To this day, the Jordanians maintain close ties with peoples of different cultures, and are arguably the most cosmopolitan of all Arabs. The Hashemite royal family of Jordan is a case in point: while it claims unbroken descent from the Prophet Mohammed (PBUH) through its male lineage, it is also renowned for its female members who were not born into Islam, but rather converted in order to marry into the royal family.The late King Hussein married not one, but two Westerners: his second wife, the mother of the present king, was English, and his fourth wife, Lisa Halaby, Arab-American.

The present King, Abdullah bin Al-Hussein, who has his mother's blue eyes and fair skin, is married to a Kuwaiti-born Jordanian of Palestinian origin who was educated at the American University of Cairo.

As well as being cosmopolitan, the royal women of Jordan have also come to symbolise beauty, elegance and glamour - all of which are highly prized here, and closely linked to foreigners' perception of the Jordanians.

Critics might say there is too much concern with image, at the expense of more significant or urgent matters. And yet, there are signs that Jordanians' aesthetic sensibilities are developing in exciting and dynamic ways.

As a new generation of well-travelled, foreign-educated Jordanians are growing up, there is less concern with blindly following the latest trends and striving to keep up appearances; in their mid-20s to mid-30s, these young people work hard, play hard, and yes, like to dress well.

One such example is that of Fadi Kawar, the son of one of the richest families in the land, who, as well as being Deputy Liner Manager at Manara Shipping, has carved out a reputation for throwing some pretty cool parties.

So much so that he was contacted by Fashion TV's president Michael Adams, who wanted something a bit different - they had had events in Eilat before, and were now in search of a place that was a bit more exclusive, and a local partner that could bring in the right kind of crowd.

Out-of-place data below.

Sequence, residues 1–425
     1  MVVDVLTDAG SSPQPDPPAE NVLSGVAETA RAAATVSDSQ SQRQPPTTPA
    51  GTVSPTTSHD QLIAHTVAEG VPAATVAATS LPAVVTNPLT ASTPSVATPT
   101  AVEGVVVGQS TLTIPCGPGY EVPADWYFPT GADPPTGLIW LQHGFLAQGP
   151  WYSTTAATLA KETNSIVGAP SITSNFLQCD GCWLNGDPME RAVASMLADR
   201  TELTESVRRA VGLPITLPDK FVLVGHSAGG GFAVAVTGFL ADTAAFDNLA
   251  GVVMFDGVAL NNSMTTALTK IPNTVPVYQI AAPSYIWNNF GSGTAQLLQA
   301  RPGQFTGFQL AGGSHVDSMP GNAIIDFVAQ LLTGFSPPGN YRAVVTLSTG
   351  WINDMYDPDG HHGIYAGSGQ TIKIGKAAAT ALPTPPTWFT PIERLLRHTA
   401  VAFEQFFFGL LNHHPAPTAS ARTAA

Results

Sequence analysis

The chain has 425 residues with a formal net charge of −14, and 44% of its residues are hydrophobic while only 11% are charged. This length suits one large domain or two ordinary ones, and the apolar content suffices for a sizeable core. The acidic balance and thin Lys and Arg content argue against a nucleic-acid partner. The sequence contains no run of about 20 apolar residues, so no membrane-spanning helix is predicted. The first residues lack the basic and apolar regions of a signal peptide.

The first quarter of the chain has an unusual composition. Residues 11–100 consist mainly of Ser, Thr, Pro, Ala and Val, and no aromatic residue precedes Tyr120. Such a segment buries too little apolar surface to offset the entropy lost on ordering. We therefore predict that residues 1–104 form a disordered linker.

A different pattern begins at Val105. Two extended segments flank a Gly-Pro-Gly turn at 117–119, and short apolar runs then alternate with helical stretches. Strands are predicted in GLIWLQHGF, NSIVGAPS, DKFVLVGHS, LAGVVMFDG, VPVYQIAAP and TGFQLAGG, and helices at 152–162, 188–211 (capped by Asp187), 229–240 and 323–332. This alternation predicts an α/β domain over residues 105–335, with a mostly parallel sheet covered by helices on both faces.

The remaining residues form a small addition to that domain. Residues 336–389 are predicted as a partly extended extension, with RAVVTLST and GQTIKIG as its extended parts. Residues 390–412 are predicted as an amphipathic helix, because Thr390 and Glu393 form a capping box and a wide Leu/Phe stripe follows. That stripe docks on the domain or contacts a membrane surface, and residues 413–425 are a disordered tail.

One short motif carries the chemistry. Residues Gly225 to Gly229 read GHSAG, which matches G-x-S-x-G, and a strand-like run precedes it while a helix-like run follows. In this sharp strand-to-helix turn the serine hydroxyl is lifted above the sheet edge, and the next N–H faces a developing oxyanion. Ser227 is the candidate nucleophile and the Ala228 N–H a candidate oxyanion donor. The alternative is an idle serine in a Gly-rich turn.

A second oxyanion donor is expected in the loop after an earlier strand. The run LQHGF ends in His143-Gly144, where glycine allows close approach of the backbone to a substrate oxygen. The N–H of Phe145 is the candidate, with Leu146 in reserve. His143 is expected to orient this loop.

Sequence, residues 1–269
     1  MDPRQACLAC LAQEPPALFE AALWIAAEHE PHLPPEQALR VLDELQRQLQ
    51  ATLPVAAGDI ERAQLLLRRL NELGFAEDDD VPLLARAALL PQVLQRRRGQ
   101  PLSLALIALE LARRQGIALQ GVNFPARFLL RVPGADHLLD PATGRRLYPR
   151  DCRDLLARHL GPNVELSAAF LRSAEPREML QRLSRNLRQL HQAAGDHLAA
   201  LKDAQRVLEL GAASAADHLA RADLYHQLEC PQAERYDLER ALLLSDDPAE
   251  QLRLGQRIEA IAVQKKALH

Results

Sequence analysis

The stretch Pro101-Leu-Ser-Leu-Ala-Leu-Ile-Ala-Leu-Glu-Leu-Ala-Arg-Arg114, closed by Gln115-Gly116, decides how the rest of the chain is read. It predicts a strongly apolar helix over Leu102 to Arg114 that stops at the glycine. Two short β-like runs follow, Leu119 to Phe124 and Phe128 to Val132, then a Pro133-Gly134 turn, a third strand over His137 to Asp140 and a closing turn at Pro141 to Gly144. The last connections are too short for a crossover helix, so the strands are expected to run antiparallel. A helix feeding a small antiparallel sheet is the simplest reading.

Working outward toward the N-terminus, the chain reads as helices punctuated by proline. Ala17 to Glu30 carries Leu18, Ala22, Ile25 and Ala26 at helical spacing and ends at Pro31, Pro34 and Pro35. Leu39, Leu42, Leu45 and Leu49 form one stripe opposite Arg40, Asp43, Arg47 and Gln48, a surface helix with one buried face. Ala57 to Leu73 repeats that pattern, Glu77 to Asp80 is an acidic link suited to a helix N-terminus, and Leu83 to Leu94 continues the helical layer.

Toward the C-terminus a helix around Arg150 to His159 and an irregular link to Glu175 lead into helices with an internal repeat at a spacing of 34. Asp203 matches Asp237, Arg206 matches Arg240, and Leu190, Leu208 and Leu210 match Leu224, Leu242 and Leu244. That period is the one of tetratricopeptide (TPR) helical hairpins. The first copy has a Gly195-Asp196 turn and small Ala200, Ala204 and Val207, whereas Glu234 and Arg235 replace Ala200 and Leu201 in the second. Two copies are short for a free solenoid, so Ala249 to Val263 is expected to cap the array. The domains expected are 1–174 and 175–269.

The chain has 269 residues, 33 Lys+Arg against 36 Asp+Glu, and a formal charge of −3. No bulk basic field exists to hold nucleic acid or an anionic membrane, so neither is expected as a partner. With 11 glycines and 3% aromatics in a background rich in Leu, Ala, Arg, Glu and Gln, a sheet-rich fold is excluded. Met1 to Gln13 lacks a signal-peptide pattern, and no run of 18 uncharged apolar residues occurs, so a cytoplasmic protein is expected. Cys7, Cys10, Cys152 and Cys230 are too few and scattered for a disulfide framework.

The port of Aqaba and i-vents, the banner under which Fadi Kawar holds his parties, seemed to fit the bill perfectly. "I-vents is all about combining exclusivity with creativity: I put a lot of thought into the aesthetics of my events: the décor, the lighting, the sound system and, of course, the music - so it is only right that we should have the right kind of crowd.

"If you want to buy a ticket, and you haven't been invited, then you must know someone who has; one degree of separation, and that is it. And, of course, we have to be careful with the male to female ratio, too - if it isn't 50:50, then the whole event is a disaster," he says.

So yes, there is some form of discrimination - but it is based on aesthetics and lifestyle, rather than race, ethnicity or religion. Jordanian society, more generally, is wide open to religious and ethnic diversity.

An estimated 60 percent of the country's population is made up of Palestinians who fled, mostly from the West Bank, during the wars of 1948 and 1967 and after the Gulf War of 1990-1991.

While maintaining hope that they will one day return to an independent Palestine, they have also become an integral part of Jordanian economic, social and cultural life, often occupying high positions in government and business.

Similarily, Jordan has welcomed hundreds of thousands of Iraqi refugees who have fled Iraq for fear of religious or political persecution, or simply in order to build a new life.

Whilst many of the Iraqis in Jordan have been registered as United Nations refugees, there are also those who are too rich, and too well-connected to see the need for protection by the UN.

This latest wave of immigration has provided a much needed boost to the Jordanian economy, which has suffered due to the decline in tourism after the September 11 terrorist attacks.

Jordan has been able to assimilate successive generations of neighbouring peoples, offering them a safe haven - and newcomers, far from being second class citizens, are welcomed into an environment where they can thrive, and the country as a whole is able to benefit from their presence.

There are, of course, those who say that Jordan has gone too far, that it is has developed ties with nations that are traditionally seen as enemies of the Arabs, especially the US - it allowed US warships to dock in its port, and is one of the few countries in the world that has a free-trade agreement with the US.

Some might say that Jordan is forced to adopt a more conciliatory stance as it has neither the petrodollars of its Gulf neighbours, nor the human capital and highly skilled workforce of Lebanon.

But there are also those who see conciliation rather than conflict as the way forward, not only for the country, but for the region as a whole - and that Jordan has a key role to play in the international arena.

With peace in the Middle East being at the top of the global political agenda, the role of the mediator will be crucial.

A small but notable indication of this is the fact that the Four Seasons Hotel in Amman, the prime venue for top-level political meetings in the region, has hosted more heads of state than any other Four Seasons in the world.